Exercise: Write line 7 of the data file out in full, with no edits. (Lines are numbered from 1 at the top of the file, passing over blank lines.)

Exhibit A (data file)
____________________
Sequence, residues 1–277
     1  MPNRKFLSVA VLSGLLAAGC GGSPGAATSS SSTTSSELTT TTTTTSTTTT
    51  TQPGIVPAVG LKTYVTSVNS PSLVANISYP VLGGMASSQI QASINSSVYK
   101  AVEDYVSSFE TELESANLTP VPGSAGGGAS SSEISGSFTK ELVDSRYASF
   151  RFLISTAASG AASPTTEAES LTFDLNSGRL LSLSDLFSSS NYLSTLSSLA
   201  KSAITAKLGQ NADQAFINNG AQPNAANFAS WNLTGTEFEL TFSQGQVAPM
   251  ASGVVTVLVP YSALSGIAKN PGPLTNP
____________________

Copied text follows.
   251  ASGVVTVLVP YSALSGIAKN PGPLTNP